John Kessel's Top 25 Books to Learn From
I found it impossible to keep my list to ten, and I am focusing on sport and business areas of our dewy decimal system, to keep the list just to twenty-five….yeah I read a lot. In my clinics I am often asked which books have I learned the most from, so in response here is my list and observations on what I learned, in no particular order.
- The Man Watching (2009) by Tim Cruthers - The biography of Anson Dorrance, University of North Carolina soccer coach and USA national team head coach. This book teaches the evolution of the competitive cauldron tool and other insights into the coaching tools used by the most winning coach in NCAA history.
- Training Soccer Champions (1990) by Anson Dorrance – It’s out of print currently, but you can still find it online. Reading it over 20 years ago was when I first learned of the value of the “Competitive Cauldron” which makes up much of the book. I also love the title of two other chapters – In the off season, all we do it play” and “Conditioning is Homework” which helps a traditional coach see the value in getting in shape by playing, and not by running lines or doing things which take up valuable practice time.
- Motor Learning and Performance (2010) by Richard Schmidt – Any edition, it is now in its 5th edition, as its subtitle “Principles and Practice” gives any coach without a motor learning science degree the most important information about how we learn any skill, not just volleyball. Here are two of the more important sentences from the book. “It is fruitless – and “Drills and lead up activities “My bet is you missed those two when you took your USAV IMPACT clinic, so I am making sure you see them now!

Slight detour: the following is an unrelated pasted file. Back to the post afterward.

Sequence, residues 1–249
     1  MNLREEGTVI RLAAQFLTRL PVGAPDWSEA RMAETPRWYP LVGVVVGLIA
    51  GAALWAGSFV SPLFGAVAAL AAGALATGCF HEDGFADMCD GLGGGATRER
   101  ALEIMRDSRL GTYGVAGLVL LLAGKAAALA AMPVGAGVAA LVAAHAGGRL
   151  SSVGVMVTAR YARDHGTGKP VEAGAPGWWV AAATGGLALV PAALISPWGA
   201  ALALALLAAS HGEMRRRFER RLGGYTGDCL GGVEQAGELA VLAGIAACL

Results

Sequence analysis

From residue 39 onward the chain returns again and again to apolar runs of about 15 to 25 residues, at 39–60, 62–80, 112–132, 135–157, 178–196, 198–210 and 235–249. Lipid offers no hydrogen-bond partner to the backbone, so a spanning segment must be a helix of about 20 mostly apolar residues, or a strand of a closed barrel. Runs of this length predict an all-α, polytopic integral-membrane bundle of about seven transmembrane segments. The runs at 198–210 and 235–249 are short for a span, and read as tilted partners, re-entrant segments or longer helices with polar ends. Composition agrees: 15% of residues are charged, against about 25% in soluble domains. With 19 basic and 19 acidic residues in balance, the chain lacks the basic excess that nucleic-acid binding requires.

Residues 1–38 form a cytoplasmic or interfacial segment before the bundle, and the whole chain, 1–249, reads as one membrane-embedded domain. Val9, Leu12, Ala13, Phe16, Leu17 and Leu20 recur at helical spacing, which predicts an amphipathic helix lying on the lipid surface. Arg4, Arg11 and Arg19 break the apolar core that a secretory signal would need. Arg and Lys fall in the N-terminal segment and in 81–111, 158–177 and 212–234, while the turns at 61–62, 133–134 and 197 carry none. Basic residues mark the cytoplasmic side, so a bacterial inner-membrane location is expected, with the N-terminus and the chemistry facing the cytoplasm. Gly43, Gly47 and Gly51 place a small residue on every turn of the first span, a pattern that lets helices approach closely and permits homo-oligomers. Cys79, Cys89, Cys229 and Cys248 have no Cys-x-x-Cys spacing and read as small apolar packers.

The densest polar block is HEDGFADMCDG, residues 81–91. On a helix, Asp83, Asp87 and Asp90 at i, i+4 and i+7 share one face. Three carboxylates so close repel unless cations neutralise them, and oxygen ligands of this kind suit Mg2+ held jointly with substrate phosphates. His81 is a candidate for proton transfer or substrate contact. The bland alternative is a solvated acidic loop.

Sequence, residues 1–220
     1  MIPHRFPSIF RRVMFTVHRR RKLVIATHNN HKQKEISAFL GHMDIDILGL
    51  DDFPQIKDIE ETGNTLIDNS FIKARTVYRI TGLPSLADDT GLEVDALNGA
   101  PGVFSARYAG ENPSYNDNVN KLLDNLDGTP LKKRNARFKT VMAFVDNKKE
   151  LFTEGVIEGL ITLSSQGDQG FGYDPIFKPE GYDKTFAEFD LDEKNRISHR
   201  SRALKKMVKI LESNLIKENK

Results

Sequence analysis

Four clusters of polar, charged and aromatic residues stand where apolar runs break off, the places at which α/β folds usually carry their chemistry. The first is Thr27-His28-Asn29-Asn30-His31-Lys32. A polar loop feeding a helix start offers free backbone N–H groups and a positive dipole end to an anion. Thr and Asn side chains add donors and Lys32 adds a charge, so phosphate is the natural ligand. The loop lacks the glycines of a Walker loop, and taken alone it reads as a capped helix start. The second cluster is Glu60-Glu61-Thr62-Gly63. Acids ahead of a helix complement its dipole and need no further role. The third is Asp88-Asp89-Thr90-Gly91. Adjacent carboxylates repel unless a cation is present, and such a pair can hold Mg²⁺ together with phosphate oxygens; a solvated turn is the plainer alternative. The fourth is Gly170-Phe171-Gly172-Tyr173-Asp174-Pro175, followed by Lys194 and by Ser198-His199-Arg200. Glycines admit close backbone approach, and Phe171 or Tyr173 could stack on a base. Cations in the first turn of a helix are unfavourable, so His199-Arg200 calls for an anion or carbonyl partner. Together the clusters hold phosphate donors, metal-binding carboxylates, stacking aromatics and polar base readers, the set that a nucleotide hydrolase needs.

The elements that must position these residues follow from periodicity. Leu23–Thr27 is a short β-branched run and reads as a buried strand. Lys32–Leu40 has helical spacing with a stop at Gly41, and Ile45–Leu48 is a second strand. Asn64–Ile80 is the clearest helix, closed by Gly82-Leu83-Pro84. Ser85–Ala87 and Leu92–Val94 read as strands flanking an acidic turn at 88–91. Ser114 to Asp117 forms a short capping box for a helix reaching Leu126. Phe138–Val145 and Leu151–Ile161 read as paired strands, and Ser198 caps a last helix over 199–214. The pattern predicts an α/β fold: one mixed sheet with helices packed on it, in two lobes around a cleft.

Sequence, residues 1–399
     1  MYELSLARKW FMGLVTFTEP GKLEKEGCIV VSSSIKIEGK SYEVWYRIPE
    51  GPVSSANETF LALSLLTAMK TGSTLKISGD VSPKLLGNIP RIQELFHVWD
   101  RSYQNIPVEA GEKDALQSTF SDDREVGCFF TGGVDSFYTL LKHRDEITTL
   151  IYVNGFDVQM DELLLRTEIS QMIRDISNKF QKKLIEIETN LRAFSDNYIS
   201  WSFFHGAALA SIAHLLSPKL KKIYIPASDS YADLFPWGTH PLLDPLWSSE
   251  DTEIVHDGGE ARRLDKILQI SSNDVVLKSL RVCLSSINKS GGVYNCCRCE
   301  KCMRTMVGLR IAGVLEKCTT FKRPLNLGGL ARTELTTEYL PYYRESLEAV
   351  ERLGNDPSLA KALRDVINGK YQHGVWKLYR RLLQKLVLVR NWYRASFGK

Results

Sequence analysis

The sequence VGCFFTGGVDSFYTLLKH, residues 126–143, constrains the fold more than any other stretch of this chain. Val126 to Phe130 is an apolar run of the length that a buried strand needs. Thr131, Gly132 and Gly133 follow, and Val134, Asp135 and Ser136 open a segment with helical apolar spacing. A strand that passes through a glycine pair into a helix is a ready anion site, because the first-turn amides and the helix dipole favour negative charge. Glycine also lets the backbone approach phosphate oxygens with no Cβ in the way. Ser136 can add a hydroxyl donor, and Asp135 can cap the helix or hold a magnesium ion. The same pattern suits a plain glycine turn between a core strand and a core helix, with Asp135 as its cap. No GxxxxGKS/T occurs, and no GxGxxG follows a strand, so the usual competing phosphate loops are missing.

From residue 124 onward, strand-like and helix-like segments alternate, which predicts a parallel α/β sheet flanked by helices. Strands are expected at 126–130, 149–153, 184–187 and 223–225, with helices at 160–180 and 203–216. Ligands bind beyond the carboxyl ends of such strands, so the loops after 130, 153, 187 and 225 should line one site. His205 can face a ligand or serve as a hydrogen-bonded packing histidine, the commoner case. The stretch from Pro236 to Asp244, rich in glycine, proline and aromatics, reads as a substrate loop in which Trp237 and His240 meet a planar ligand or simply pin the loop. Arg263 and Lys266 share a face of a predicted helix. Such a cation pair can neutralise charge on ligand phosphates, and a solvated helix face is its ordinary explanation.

- Mindsets (2009) by Carol Dweck – The idea of a growth over a fixed mindset gave me some science and research facts that matched up to how I play
- The Talent Code (2009) by Daniel Coyle – I am proud to call Dan a friend, and I know he is a great father too. If you don’t have this book, get it. If you don’t follow his blog, follow it. Coyle breaks down many of the ineffective traditions and beliefs in our sport in the way only an award winning Sports Illustrated writer can.
- The Art of Learning (2005) by Josh Waitzkin - One of the best parenting and teaching films of all time is the movie “Searching for Bobby Fisher.” This book is by the chess champion who was the focus of the film, as an older adult, Josh shares his insights into the art of learning – including how to do less to accomplish more.
- The Manager (2013) by Mike Carson – This book asks key questions in detailed conversations with some of the most successful football (soccer) managers in recent history, examining the critical issues they encountered in their career. They explain their methods and give examples of lessons learned along the way.